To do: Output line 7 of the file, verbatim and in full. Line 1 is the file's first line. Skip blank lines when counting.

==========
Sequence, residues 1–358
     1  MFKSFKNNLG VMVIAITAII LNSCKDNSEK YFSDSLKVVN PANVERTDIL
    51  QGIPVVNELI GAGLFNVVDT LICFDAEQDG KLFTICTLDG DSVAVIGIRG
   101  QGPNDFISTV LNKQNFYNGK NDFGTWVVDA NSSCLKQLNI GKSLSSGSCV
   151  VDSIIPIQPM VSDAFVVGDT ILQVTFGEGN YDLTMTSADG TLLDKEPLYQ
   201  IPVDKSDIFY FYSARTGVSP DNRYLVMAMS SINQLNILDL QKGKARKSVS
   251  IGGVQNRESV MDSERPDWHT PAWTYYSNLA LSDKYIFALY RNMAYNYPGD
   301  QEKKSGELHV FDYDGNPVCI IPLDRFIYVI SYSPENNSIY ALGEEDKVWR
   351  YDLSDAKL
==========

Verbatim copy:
   251  IGGVQNRESV MDSERPDWHT PAWTYYSNLA LSDKYIFALY RNMAYNYPGD